3. Coming to an Agreement
In practically all cases, the term sheet offered by VCs contains a provision that the startup must be profitable. If not, they can take over the company.
VCs can do that by:
- Allocating cash flow rights to incentivize the founder to perform
- Board control and voting rights, so the VC to intervene if they deem it necessary
- Liquidation rights, so the VC can distribute the payoff if the company is not profitable and likely to fail
- Employment terms, including giving incentives to the entrepreneurs for performing and staying with the company
In most deals, startup founders can retain control of the company if they hit predetermined milestones. But if they cannot hit those targets, the VC can change the company’s direction. They can also bring in a new management team.
Are VCs flexible during negotiations?
VCs are usually flexible on matters that do not have a significant effect on the potential returns, such as:
- Option pool
- Participation rights
- Investment amount
- Redemption rights
But if the terms can affect the potential returns, most VCs consider them non-negotiable. These include:
- Pro-rata investment rights, allowing the VC to acquire more stake in a company
- Liquidation rights that they may exercise if the company is floundering
- Antidilution rights to protect their possible economic upside
- Vesting the founder’s equity
- Board control
- Company valuation
Are there other things that VCs think about during the courtship or negotiation with startups?
As mentioned, VCs place great importance on founders and the management team. Such attitude makes sense as the success of startups rests on the founding management team. No matter how promising a business idea is, it cannot fly with a mediocre team.
But competency alone or expertise may not be enough. Many VCs, for instance, also consider factors outside of the financial realm. They want to understand matters such as the vision and goal of founders. For them to invest, they have to share similar dreams.
What Happens After Investing in a Startup
VCs have vested interests after funding startups. And so, many of them want to have an active role. One example of that is their insistence on having control rights. It is one of the ways they can protect their investments.
In most cases, though, they take the role of advisers. For sure, their experience and expertise are a huge plus for entrepreneurs. But VCs do follow the principle of diversification. Be that as it may, they would need to manage their time too regarding interacting with the companies in their portfolio.
Generally, VCs interact with these percentages of their portfolio companies:
- 60% of their portfolio companies at least once a week
- 28% of their portfolio companies several times a week
What do VCs do for startups?
For sure, they do not provide the same level of services to all companies. But generally, these are the percentages of portfolio companies that receive their services:
- Strategic guidance (87%)
- Connecting with other investors (72%)
- Connecting with customers (69%)
- Operational guidance (65%)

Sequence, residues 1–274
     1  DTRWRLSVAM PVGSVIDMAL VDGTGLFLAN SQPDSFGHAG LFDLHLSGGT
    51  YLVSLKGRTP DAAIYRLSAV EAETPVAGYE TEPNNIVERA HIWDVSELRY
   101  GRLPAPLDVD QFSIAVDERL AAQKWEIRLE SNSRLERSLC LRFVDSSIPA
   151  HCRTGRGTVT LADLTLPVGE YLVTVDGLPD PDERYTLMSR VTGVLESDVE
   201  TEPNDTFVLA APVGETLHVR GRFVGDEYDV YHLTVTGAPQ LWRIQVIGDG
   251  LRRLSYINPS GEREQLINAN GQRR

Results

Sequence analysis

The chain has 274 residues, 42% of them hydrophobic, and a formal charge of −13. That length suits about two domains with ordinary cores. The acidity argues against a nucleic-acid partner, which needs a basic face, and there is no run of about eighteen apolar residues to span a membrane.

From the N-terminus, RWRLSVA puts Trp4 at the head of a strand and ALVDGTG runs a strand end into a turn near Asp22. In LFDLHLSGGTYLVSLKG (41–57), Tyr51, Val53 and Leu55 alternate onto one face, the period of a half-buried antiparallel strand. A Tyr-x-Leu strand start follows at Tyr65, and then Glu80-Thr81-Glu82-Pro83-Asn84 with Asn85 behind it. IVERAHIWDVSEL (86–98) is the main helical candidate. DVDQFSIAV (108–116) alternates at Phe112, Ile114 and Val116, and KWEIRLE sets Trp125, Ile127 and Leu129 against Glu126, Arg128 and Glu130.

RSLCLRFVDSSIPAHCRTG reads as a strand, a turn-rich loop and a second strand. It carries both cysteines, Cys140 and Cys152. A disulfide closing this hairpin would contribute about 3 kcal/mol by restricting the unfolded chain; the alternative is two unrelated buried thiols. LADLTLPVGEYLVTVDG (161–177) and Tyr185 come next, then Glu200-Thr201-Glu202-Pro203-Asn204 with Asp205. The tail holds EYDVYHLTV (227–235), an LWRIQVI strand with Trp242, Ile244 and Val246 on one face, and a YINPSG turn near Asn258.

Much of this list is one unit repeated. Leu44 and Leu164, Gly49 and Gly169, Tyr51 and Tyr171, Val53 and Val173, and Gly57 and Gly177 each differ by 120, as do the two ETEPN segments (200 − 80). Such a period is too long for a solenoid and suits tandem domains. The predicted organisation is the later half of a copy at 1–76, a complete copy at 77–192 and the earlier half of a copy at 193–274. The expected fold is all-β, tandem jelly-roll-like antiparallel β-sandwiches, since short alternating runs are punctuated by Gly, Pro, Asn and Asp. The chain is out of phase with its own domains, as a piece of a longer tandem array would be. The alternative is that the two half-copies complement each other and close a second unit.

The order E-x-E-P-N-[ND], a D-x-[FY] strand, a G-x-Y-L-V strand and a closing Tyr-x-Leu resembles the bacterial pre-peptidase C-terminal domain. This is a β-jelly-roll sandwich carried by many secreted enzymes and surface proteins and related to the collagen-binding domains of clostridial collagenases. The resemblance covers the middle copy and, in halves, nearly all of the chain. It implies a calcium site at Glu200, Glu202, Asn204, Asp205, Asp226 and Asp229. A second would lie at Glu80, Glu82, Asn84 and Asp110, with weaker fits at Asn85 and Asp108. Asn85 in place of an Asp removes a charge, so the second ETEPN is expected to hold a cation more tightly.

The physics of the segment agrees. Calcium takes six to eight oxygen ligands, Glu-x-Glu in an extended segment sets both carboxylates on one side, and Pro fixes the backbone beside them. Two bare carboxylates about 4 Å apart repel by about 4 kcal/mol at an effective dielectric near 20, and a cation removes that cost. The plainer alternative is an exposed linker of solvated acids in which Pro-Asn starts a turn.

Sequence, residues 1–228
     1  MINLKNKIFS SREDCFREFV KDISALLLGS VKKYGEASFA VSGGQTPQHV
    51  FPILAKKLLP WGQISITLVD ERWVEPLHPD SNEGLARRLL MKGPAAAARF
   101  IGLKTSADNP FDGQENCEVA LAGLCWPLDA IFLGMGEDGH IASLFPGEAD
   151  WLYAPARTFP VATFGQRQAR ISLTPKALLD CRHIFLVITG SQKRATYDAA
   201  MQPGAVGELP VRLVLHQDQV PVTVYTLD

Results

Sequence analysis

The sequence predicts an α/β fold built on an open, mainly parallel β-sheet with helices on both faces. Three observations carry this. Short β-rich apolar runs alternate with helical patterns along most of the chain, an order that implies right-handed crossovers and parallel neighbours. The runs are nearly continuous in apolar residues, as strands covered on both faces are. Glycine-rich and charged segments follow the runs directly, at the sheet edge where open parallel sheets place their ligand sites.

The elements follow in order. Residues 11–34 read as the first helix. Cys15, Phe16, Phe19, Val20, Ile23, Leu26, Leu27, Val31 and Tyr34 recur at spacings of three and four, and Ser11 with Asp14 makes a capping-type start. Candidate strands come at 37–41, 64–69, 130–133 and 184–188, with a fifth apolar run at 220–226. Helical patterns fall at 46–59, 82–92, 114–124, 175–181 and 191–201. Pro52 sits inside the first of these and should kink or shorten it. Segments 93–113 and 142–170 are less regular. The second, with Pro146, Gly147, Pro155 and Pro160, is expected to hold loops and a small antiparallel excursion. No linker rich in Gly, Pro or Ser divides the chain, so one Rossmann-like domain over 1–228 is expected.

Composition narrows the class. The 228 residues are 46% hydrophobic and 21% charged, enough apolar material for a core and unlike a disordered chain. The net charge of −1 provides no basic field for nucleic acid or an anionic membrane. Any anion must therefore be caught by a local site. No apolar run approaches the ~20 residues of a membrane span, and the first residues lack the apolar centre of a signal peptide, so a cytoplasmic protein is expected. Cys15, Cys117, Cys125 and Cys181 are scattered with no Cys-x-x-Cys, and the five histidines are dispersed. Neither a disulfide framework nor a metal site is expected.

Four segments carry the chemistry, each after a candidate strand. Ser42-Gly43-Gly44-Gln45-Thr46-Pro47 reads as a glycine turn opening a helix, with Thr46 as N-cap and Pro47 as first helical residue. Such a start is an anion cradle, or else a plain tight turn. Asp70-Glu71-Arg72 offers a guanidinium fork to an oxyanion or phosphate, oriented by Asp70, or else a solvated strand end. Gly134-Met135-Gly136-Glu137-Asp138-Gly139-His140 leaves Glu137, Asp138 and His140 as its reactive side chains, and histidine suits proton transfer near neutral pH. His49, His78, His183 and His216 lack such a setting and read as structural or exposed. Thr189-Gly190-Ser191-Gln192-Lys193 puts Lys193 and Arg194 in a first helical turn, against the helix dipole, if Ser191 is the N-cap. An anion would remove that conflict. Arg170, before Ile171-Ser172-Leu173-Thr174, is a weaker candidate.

- Help hire board members (58%)
- Help hire employees (46%)
As you can see, the involvement of VCs in the companies they invest in is primarily advisory. It is, in a sense, their means of adding value to startups.
Why do VCs spend more time and effort on some and not all companies?
Even after doing their due diligence and investing in startups, VCs understand that not all ventures will be successful. And so, they have to prioritize their time and resources. Hence, they will be most active with companies that lets them deliver positive risk-adjusted returns (or simply the “alpha” in investment terms).
Why a VC Would Choose to Invest in Your Startup
Getting backed by a VC comprises three main activities – deal sourcing, selection, and post-investment actions. Based on their collective experience, most VCs agree that deal selection played the most significant role in a positive outcome.
To be more specific, the founding management team contributes the most to success or failure. And during the selection process, VCs scrutinize the founders. Once the company starts operation, the founders’ ability to hire the right people comes into play. No person can succeed alone, so assembling a great team is of utmost importance. For this reason, many VCs assist in finding talented employees.
Knowing the activities involved, what would you do?
- Deal Sourcing. Instead of relying on sending cold emails to potential investors, you should also involve yourself in social and professional circles where you might meet VCs. Not only that, you could get a lot of exposure from platforms like Allianse, which uses advanced AI to match you with the right investors.
- Deal Selection. By now, you have a better understanding of the characteristics most VCs seek. Ask yourself if you are that kind of person. Ideally, the VC is someone you know on a personal level. But if that is not the case, the next best thing to do is ask for referrals. VCs are more likely to invest if there is some form of connection between them and you.
After getting funded, the VC will do their best to assist you in becoming successful. They will because they arguably have more stake than you, especially if the seed money is enormous. But it is your time to perform and deliver on the promises of your pitch.